In treat­ment

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JAMES WHITE, drama, rated R, Cen­ter for Con­tem­po­rary Arts,

In James White, writ­ten and di­rected by Josh Mond, James (Christopher Ab­bott) — a good-look­ing, un­em­ployed heavy drinker in his mid-twen­ties — lives with his mother, Gail (Cyn­thia Nixon), a for­mer school­teacher, on Man­hat­tan’s Up­per West Side. James has seen Gail through more than one can­cer treat­ment cy­cle, and as the movie opens, she is still weak from her last bout with chemo­ther­apy. She is host­ing a shiva for her ex-hus­band, James’ fa­ther, even though she’s not Jewish and her ex re­mar­ried years ear­lier. Her in­ex­pli­ca­ble be­hav­ior frus­trates a per­pet­u­ally frus­trated James, who is more com­fort­able on an anony­mous barstool than deal­ing with an apart­ment full of strangers mourn­ing his es­tranged fa­ther.

James is an open wound con­stantly in the process of cau­ter­iz­ing him­self, and James White is about how dif­fi­cult this is when he’s also car­ing for his mother, who has been sick his en­tire adult life. Mond lim­its the story to James’ point of view, which could be de­scribed as claus­tro­pho­bic. If James doesn’t want to look di­rectly at some­one or some­thing, then we don’t get to. If he wakes up hung over, breath­ing roughly, con­fused by his sur­round­ings, we are with him in his daze. His choices bewil­der oth­ers, and the story en­larges when they bring up salient de­tails that he seems to be ig­nor­ing. This de­vice isn’t mere style; it sym­bol­izes how hard James works to re­main on the sur­face of his ex­is­tence.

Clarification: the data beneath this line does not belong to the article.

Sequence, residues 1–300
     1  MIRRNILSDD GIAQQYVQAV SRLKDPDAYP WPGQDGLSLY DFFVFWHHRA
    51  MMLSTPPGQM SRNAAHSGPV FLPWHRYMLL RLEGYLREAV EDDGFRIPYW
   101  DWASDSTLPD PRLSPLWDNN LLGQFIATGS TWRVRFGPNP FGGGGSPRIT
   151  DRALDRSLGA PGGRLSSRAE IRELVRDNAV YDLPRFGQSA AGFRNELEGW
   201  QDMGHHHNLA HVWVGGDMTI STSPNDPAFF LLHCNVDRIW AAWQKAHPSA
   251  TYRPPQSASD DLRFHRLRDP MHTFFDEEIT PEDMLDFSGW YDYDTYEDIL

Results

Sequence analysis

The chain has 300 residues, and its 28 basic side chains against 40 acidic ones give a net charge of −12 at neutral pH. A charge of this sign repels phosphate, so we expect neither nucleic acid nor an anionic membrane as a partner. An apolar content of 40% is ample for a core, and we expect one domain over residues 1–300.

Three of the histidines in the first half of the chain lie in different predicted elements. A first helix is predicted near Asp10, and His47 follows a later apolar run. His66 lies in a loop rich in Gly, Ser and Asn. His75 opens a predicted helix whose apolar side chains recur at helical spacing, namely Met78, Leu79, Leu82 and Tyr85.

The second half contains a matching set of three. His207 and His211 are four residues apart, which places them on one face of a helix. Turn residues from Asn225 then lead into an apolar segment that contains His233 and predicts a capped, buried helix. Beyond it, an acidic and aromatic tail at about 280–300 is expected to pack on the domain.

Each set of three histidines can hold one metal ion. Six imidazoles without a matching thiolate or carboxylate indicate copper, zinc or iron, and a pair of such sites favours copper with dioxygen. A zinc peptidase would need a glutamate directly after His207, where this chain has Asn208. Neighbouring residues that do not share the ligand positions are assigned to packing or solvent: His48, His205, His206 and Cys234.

Af­ter his fa­ther dies and James finds him­self more out of con­trol than usual, he de­cides to visit his child­hood best friend, Nick (Scott Mes­cudi), in Mex­ico, where he works at a re­sort. When James comes back, he prom­ises Gail, he’ll be ready for life. Whether or not that’s true be­comes ir­rel­e­vant, be­cause Gail’s can­cer re­curs and ev­ery­thing is up­ended once again. Though James can be vi­cious and even vi­o­lent to strangers, he is noth­ing but pa­tient and gen­tle with Gail, a for­mer school­teacher. She has in­stilled strong val­ues of fam­ily and in­tel­lec­tual cu­rios­ity in him that he can’t fig­ure out how to live up to; she also has the ten­dency to treat him like a ten-year-old.

Ab­bott, Nixon, and Mes­cudi — who com­posed the orig­i­nal score — de­liver im­pec­ca­ble per­for­mances. Sto­ries about peo­ple with can­cer, or peo­ple car­ing for loved ones with can­cer, have be­come ubiq­ui­tous enough to con­sti­tute their own genre. Though some of th­ese sto­ries floun­der in sen­ti­men­tal­ity and cliché, oth­ers are gen­uinely dif­fi­cult to watch, be­cause watch­ing some­one die is dif­fi­cult. James White has the rhythms of a lit­er­ary novel, com­plete with a show-don’t-tell aes­thetic. It is raw, yet fleshed out enough to of­fer real emo­tional im­pact to view­ers who are will­ing to watch some­thing they know will make them sad. — Jen­nifer Levin

Mother load: Cyn­thia Nixon and Christopher Ab­bott

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